Vektor – Terminal Redux
You could be forgiven if you forgot about Vektor. After all, their last record, Outer Isolation, came out all the way back in 2011, and at the time they sort of got lumped in with the whole re-thrash movement, even though they sound nothing like Municipal Waste or Havok. There has always been a heavy prog influence in Vektor’s sound that owes more to Voivod (which they readily admit to—I mean, just compare the two bands’ logos) than the Bay Area, and Terminal Redux is a full-on space rock opera that is just relentless from start to finish. Remember the promo tag line from Dark Angel’s last album, Time Does Not Heal (better question—does anyone remember Dark Angel? They were Gene Hoglan’s first band)? It was “9 songs, 67 minutes, 246 riffs!” Well, this album is 10 songs, 73 minutes, and I’m guessing they have that riff total beaten pretty handily, but the album’s not just technical wankery. The song structures are tight and the riffs are catchy, and when they suddenly go all Pink Floyd on the album’s last two tracks (seriously—there’s a section of “Recharging the Void” that’s basically the prog-thrash version of “The Great Gig in the Sky”) it’s as glorious as it is unexpected. This is easily the thrash record of the year, and a strong contender for Album of the Year.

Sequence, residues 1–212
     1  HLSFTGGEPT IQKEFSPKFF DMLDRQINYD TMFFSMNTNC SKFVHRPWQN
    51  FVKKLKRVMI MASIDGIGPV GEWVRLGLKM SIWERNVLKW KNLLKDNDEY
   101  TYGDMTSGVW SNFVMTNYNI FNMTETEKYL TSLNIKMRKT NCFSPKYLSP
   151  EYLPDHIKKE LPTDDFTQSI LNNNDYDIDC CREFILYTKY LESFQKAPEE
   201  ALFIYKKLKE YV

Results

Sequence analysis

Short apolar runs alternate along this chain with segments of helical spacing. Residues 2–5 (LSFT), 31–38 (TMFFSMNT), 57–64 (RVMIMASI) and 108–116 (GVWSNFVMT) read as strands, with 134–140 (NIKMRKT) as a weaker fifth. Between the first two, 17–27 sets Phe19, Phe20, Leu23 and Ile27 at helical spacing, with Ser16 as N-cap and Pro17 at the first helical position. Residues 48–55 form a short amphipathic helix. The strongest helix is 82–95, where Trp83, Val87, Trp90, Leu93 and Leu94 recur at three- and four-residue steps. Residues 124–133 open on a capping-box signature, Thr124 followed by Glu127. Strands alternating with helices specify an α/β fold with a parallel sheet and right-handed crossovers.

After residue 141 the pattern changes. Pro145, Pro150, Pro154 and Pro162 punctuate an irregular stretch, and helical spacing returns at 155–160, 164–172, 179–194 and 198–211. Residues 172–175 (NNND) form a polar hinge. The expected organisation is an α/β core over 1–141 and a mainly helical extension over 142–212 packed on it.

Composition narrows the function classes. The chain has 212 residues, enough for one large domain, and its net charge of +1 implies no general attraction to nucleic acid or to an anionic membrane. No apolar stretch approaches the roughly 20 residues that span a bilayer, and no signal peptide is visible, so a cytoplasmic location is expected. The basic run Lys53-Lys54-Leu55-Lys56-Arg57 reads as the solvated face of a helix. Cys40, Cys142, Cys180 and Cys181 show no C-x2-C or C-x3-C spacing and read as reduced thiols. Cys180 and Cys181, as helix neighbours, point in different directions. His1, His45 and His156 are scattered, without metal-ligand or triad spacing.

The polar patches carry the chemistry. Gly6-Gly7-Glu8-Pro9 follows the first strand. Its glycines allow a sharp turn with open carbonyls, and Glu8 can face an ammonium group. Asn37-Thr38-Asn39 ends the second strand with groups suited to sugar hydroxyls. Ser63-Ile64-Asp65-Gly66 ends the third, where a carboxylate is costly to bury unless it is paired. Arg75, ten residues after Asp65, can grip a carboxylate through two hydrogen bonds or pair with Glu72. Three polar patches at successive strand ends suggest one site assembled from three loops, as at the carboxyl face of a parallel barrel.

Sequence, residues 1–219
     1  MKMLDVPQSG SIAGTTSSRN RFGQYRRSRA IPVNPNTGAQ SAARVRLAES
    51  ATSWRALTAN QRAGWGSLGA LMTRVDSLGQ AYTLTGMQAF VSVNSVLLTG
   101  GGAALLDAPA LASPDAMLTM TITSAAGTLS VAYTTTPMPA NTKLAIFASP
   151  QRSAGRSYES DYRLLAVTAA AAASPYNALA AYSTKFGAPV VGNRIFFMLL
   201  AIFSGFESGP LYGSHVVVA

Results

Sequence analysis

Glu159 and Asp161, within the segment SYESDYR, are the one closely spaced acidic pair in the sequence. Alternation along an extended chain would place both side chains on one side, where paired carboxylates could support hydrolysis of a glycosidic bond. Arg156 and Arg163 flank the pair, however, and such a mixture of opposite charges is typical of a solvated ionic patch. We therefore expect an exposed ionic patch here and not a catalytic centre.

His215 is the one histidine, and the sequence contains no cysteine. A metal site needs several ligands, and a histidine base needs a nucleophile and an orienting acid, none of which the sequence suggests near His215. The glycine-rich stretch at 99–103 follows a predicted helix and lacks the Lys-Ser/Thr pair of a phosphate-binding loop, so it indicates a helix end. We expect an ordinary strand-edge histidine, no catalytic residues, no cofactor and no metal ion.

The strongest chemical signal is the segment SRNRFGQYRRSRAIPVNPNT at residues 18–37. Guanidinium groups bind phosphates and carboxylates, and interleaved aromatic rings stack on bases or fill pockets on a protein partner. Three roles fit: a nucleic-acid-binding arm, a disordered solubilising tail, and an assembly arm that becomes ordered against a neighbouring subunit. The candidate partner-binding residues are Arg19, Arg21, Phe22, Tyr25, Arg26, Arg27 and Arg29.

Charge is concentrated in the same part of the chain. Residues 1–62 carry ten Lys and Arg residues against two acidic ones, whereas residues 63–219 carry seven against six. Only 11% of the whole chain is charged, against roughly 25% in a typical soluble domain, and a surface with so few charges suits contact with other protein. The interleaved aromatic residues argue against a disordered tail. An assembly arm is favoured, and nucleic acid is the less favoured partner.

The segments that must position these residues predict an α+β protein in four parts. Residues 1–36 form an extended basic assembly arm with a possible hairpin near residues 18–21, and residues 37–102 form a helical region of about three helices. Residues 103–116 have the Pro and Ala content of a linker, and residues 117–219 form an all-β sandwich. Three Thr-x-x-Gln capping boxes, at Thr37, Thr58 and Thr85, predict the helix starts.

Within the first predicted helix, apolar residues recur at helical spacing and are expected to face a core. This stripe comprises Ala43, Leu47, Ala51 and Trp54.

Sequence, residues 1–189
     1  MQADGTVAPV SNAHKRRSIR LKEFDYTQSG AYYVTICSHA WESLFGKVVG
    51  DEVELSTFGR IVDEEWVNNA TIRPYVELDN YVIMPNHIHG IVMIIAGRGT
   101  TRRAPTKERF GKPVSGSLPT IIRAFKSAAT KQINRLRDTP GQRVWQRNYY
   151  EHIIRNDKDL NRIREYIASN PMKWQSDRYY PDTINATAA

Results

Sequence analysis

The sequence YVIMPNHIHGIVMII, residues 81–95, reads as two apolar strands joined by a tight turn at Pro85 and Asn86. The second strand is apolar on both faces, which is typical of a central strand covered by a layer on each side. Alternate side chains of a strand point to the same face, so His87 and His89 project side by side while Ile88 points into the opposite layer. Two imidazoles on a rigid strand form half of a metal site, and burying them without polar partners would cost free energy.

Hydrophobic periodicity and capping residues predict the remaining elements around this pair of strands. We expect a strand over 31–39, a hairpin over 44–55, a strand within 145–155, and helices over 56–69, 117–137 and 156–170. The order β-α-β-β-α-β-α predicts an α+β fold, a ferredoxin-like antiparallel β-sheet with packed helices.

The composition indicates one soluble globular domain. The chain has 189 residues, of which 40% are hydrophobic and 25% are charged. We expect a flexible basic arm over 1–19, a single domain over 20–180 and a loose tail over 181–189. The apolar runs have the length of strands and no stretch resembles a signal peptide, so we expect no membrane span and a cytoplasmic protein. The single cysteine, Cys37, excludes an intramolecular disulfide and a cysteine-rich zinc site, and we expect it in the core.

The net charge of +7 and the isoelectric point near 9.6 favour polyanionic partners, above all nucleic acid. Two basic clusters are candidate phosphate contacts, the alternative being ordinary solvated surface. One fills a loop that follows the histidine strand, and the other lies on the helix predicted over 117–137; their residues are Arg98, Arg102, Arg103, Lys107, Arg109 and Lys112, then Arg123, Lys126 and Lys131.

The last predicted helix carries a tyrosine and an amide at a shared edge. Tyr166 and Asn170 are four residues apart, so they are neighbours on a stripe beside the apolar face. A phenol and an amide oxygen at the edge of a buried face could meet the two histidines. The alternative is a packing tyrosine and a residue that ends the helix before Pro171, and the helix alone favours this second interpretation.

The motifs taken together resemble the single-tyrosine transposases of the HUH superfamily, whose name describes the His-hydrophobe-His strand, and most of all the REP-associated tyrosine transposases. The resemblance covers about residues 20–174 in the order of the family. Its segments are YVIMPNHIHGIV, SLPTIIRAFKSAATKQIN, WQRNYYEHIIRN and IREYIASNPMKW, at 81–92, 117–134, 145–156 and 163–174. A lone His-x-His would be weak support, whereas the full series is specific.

Weekend Nachos – Apology
Undoubtedly Chicago’s finest purveyors of powerviolence, Weekend Nachos are hanging it up at the end of 2016, which means that Apology is likely the last new music we’ll ever get from them. I have no problem admitting that I’m having a sad about this, but that isn’t why Apology made this month’s Albums of the Month list. This record is probably the best sounding record WN have ever made; the guitar tones in particular are so abrasive and metallic that they might well draw blood, and frontman John Hoffman sounds even more pissed-off than usual. I read an interview with Hoffman not too long ago on Invisible Oranges, and he said that he was looking forward to not being up front anymore after WN calls it a day (he has several other bands where he just plays drums), which is a shame since he has arguably the most distinctive voice in the genre. I imagine it has to get old having kids constantly try to grab the mic from you at those all-ages straight-edge shows, though. At any rate, Weekend Nachos is going out on a high note with Apology, and I am going to miss the fuck out of this band.